Every two or three violent incidents involving the Palestinians is followed by a rush of media pundits all clamoring to be the first to wonder: "Is Israel on the cusp of a new intifada?"
Only a lack of vocabulary forces anyone to brand any series of sporadic clashes as "an intifada." So let me be clear: there has been just one intifada.
It broke out in December 1987 and ended with the signing of the Oslo Accords in the summer of 1993.
The intifada was a resistance movement that touched every household in the West Bank.
It brought tens of thousands of people from all sectors of Palestinian society onto the streets of Nabulus, Hebron and Gaza, carrying stones and Molotov cocktails.
It focused on organized rather than popular violence. It was initially perceived as spontaneous but was long-planned by nameless leaders.
It was called the "White Intifada" due to the Palestinian avoidance of terror attacks that later became were far more prominent, a decision that garnered the protesters much international support.
Within the history of the "Occupied Territories," the intifada is merely one in a series of clashes, which include a Great Arab Revolt in 1936 and the Nakba of 1948.
But just like the French Revolution, there is only one intifada to truly earn the name.
Therefore, the labeling of the series of terror attacks between 2000-2005, which included barbaric suicide bombings against Israeli civilians, as the "Al-Aqsa Intifada," is a frustrating misnomer.
It was created by a pen-pusher who got excited at using the word to describe the continuing wave of attacks, pandering to the lowest common denominator.
Yet the international support that the Palestinians received back in the 1980s was completely gone by the early 2000s.
Using this word to describe parents who sent their sons and daughters to carry out suicide bombings on buses, in supermarkets and at malls, or for despicable cold-blooded murderers who took the lives of the elderly and children at a Passover Seder is nothing short of an verbal transgression from those who control the narrative.
It is time to find a new name for the series of terror attacks that sadly seem to be inching ever closer.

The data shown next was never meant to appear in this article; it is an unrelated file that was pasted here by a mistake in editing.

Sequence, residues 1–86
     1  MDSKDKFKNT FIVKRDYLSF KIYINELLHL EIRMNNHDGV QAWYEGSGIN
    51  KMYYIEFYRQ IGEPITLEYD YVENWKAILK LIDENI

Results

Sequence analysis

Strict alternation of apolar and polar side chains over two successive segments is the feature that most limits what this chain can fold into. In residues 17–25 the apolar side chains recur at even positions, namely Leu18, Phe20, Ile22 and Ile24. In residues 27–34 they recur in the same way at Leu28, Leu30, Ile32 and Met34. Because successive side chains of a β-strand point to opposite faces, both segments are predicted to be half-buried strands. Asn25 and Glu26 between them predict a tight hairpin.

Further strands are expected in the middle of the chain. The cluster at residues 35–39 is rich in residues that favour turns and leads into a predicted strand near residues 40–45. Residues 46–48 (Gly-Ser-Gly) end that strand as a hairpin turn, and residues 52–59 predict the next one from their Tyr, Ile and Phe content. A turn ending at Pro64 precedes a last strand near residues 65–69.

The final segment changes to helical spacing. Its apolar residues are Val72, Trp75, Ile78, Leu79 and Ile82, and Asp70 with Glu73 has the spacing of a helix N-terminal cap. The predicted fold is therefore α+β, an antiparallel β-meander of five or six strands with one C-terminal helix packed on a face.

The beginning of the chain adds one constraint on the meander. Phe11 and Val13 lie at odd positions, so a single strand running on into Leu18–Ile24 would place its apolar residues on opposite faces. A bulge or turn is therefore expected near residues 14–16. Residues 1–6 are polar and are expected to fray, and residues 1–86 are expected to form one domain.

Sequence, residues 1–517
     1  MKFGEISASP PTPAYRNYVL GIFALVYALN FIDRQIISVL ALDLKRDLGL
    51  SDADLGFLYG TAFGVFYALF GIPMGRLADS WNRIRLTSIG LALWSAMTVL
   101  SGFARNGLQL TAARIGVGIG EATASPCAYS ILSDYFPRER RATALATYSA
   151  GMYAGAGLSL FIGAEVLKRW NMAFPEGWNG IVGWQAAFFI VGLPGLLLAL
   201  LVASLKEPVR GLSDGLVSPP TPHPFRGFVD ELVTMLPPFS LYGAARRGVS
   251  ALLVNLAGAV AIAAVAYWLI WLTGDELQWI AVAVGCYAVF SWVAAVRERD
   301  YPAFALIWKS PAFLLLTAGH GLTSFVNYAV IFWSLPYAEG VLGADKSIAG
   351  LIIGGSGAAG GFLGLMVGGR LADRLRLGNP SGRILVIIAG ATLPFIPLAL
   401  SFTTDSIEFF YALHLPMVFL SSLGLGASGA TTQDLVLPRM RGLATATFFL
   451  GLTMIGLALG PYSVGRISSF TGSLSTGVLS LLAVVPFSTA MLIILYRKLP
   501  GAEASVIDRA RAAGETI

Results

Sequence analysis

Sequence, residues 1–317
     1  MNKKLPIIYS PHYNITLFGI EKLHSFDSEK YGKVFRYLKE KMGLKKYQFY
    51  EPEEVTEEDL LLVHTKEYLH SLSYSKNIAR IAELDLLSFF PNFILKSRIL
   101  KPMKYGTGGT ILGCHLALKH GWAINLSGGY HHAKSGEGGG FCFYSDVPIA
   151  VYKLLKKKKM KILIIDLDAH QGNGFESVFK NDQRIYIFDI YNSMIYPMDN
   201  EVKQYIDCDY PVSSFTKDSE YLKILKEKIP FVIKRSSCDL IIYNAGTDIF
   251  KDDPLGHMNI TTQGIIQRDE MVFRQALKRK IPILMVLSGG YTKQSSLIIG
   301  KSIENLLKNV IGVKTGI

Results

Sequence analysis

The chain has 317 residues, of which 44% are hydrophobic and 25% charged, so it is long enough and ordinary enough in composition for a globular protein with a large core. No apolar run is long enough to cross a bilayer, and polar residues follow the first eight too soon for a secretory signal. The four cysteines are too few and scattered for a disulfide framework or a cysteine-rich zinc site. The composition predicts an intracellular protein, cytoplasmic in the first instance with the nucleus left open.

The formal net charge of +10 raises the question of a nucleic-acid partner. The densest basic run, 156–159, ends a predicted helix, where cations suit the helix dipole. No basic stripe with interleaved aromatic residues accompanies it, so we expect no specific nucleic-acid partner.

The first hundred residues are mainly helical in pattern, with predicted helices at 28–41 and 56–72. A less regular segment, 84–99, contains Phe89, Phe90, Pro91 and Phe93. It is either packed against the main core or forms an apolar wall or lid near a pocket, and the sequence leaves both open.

During every crisis in recent years – the eruption over the metal detectors at the entrance to Temple Mount, the relocation of the U.S. Embassy to Jerusalem, or the destruction of terrorists' houses – Palestinian President Mahmoud Abbas has issued a call to "take to the streets." And every time it bounced back like an echo in an empty chamber.
The Palestinians in the West Bank don't flood the streets anymore. They have lost all energy and are disdainful towards the corrupt leadership of the Palestinian Authority.
They have lost all motivation because they look at their brothers in the Gaza Strip and see that terrorism can pay, and if Abbas resigns, it is due to the indifference of his people.
Whenever Abbas is displeased at some international decision or other, he takes to his balcony and declares an end to security cooperation with Israel.
But since the mechanism was founded in 1995, it has ceased its activities only once, following the riots over the Western Wall tunnels in September 1996, and only then at Israel's initiative.
Hundreds of threats later and the cooperation is business as usual.
Abbas and his people know very well that the Israeli army is present in the West Bank mainly to protect the roads and the settlements within it, but as a byproduct, it also protects the Palestinian Authority.
Every Palestinian security officer knows that without the IDF, Abbas would have been forced to escape underground, just as his men did when Hamas seized power in the Gaza Strip in June 2007.
Here is a word of advice to Abbas - stop making threats because Israel does not care.
Col. (res.) Moshe Elad is a lecturer at Western Galilee College, the former IDF governor of Jenin and Bethlehem and former head of security coordination with the Palestinians during the Oslo Accords